There are no current federal bans on PFAS use in textiles, but a variety of state governments have passed legislation regulating PFAS in products including textiles.
California Governor Gavin Newsome passed bill AB 1817 late last year, which explicitly bans the use of PFAS in textile products including apparel, accessories and handbags starting in 2025. This ban represents the first U.S. ban on PFAS products used in textiles. One exception: Beginning in 2025, the state will require manufacturers to disclose the use of PFAS on outdoor apparel used for severe wet conditions, and the use of PFAS on such products must end by 2028. The new law also requires manufacturers to select the least toxic alternate to PFAS as they change their production processes.
Maine also passed legislation that adopts a phase-out plan. As of January 1, 2023, new carpets, rugs and fabric treatments containing PFAS may not be sold in the state, and the presence of PFAS chemicals in any product must be reported to the Maine Department of Environmental Quality (DEQ). By January 1, 2030, the law prohibits the sale of any products in the state that have intentionally added PFAS, except in the case of unavoidable use.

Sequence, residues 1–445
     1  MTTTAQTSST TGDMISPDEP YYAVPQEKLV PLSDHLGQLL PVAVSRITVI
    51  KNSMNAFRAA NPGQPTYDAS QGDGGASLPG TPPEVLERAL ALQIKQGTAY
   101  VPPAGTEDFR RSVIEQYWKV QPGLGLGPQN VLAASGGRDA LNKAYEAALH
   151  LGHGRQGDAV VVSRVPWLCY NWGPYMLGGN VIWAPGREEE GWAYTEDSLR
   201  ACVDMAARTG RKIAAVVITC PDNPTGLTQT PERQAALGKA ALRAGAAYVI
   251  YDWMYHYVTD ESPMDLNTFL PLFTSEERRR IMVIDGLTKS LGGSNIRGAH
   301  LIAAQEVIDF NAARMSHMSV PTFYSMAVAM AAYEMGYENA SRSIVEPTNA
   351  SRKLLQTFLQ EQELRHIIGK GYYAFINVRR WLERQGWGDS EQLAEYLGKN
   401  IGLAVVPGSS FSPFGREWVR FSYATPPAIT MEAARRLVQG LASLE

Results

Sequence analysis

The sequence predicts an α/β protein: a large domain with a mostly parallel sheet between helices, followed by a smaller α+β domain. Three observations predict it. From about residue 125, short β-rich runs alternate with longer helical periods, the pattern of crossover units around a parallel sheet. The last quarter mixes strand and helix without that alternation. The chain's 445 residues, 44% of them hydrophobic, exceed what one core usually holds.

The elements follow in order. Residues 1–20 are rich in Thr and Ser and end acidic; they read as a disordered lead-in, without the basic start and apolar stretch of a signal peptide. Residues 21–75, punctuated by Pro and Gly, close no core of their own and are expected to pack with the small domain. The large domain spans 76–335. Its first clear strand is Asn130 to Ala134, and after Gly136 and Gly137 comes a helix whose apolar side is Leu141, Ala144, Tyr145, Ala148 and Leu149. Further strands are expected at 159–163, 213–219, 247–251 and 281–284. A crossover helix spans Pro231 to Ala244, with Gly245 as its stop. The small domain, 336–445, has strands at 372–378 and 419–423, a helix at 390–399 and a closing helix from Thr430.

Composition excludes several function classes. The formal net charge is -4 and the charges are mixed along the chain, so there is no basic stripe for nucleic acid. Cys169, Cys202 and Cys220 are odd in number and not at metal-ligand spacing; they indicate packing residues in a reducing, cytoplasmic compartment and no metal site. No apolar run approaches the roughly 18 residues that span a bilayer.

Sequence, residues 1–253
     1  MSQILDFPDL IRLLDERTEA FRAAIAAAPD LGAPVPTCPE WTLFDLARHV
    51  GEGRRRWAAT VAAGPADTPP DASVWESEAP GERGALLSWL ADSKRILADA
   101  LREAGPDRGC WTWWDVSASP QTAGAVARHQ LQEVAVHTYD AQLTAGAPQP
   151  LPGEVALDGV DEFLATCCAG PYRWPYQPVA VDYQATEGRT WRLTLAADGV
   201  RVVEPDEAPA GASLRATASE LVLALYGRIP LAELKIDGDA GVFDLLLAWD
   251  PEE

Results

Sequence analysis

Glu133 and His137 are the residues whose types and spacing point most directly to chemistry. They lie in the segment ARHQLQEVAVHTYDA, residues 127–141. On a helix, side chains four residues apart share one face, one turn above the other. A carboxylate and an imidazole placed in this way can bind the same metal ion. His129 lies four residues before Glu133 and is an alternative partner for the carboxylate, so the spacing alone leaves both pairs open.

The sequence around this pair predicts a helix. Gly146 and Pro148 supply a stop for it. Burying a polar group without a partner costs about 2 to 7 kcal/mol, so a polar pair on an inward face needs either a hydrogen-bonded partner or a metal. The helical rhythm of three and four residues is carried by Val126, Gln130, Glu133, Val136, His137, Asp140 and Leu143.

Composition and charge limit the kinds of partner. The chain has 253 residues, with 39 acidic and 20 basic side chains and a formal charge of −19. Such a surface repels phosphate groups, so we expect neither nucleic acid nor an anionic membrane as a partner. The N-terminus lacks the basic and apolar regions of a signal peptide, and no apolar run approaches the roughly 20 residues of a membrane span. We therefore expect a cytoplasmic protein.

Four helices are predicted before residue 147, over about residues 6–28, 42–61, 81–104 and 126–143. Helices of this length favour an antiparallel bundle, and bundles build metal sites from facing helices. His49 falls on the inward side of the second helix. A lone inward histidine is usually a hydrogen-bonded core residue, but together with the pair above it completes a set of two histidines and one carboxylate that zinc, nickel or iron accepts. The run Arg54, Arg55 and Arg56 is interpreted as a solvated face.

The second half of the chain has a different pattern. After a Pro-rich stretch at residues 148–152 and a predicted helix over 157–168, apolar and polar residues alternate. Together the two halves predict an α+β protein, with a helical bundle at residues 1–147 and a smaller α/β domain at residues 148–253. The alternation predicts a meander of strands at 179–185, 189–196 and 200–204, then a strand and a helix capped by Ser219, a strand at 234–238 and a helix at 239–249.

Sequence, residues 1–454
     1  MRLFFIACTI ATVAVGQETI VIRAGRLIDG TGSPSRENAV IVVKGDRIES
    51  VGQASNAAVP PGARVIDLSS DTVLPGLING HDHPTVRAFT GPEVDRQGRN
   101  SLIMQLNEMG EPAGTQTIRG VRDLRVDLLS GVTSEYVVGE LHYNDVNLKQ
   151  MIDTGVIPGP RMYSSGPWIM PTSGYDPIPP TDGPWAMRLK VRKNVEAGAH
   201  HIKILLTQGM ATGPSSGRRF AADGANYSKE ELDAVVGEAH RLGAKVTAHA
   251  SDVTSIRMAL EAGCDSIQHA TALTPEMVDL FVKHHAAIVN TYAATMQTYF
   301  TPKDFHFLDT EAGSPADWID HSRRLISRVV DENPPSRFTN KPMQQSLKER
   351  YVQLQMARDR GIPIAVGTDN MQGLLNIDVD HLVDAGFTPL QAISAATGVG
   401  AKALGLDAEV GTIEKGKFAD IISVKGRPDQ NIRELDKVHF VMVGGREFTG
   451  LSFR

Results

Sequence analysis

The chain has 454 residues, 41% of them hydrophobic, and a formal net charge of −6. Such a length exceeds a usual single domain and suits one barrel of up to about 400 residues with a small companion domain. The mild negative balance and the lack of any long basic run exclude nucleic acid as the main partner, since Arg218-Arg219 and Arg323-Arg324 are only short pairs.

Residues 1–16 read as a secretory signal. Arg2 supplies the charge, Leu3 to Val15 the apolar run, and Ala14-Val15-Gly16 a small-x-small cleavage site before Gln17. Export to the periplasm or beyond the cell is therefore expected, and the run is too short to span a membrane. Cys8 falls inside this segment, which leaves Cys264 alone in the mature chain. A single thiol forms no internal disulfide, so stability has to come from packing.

Other states have also restricted the use of PFAS on specific textiles such as apparel, carpet and upholstery, and more bans are likely in the coming years.
Of note, the federal government did phase out the use of long chain PFAS products such as perfluorootanoic acid (PFOA) and perfluorooctane sulfonate (PFOS) and eventually banned the use of such compounds in food contact applications. The federal government may eventually pass laws that impact PFAS use in textiles.
Fight For A “Not One Size Fits All” Solution
While textiles have earned a bad rap when it comes to PFAS products, people in the textile and chemical industries are urging legislators to learn and fully understand the issues surrounding PFAS as they consider legislation.